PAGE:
Saturday, September 13, 2008

A Response to Matt Slick or Steve Smoot's Excellent Adventure in Anti-Mormon Zombie Hell (Pt. 2)

"The whole structure of anti-Mormon scholarship rests on trumped-up evidence."
-Hugh W. Nibley

In the second half of his article "A Quick Look at the Book of Mormon", Matt Slick provides the reader with a handy chart comparing teachings of the Book of Mormon with other Latter-day Saint doctrines. This is not, however, to be mistaken with some attempt to show consistency between the teachings of the Book of Mormon and other LDS beliefs. Instead, Slick tries to show that Mormon doctrine and the Book of Mormon "is not internally consistent and it is self-contradictory." This is a rather bold pronouncement, one that needs to be investigated.
Below are the points made by Slick. They shall be in red while my comments will be in black.

There is only one God
Mosiah 15:1,5; Alma 11:28; 2 Nephi 31:21
Mormonism teaches there are many gods.
Joseph Smith, Journal of Discourses, Vol. 6, p. 5

First, the scripture references provided by Slick will be posted.

Mosiah 15: 1,5
[1] And now Abinadi said unto them: I would that ye should understand that God himself shall come down among the children of men, and shall redeem his people.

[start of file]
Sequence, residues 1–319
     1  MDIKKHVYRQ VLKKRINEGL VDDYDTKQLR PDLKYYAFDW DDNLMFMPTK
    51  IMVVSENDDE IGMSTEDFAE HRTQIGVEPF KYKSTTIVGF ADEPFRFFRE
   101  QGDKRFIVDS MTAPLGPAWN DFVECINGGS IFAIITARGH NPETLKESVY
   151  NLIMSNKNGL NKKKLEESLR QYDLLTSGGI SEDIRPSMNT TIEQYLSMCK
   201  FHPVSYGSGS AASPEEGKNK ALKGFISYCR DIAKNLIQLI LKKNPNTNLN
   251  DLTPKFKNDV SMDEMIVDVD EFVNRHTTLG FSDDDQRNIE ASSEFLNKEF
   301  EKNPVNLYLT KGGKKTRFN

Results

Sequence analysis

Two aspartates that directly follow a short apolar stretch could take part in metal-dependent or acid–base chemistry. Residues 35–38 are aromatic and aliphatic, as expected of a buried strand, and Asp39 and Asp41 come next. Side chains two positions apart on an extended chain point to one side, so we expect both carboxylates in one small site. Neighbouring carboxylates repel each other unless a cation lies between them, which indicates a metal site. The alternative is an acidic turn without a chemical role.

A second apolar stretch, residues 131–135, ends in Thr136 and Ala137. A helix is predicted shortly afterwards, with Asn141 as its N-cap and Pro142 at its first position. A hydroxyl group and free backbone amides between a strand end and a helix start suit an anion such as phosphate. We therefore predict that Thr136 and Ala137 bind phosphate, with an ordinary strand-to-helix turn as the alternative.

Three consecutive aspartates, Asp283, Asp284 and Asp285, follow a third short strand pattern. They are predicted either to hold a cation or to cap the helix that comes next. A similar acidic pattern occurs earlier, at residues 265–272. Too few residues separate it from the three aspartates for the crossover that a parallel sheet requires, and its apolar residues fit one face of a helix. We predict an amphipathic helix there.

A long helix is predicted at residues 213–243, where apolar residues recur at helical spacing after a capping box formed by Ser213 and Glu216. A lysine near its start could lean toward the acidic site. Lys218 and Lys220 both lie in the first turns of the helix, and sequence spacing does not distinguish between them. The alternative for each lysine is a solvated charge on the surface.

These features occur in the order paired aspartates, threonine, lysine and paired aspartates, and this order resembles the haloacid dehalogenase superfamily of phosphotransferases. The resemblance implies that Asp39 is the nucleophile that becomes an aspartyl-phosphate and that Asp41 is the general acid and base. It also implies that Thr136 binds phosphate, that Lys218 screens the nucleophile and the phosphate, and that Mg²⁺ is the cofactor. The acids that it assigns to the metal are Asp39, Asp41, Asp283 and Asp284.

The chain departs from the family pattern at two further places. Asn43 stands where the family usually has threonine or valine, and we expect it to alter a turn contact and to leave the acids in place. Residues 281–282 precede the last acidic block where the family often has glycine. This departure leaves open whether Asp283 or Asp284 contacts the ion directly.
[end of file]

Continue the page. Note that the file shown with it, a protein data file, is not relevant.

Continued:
[5] And thus the flesh becoming subject to the Spirit, or the Son to the Father, being one God, suffereth temptation, and yieldeth not to the temptation, but suffereth himself to be mocked, and scourged, and cast out, and disowned by his people.
Brant Gardner, commenting on these verses, writes:

The Nephite understanding was that Jehovah would come to earth as the Messiah. Modern readers read "Jehovah" as the premortal designation for Christ, and, hence, agree with the Nephites[1].

Gardner explains elsewhere that the Nephite understanding of God, in the context of pre-exilic Israel, would have included a belief that YHWH, or Jehovah, as the God of Israel and also one of the 70 Sons of El, would come to atone for the sins of the people[2]. YHWH, however, is not to be confused with El Elyon (God most High) whom, as Margaret Barker has shown, was viewed as a separate deity by the ancient Israelites[3]. Thus, these verses do not compromise the teachings of plurality of gods as later taught by Joseph Smith as the Prophet himself taught that Jehovah and Elohim were two distinct personages, as is recorded in the Book of Mormon.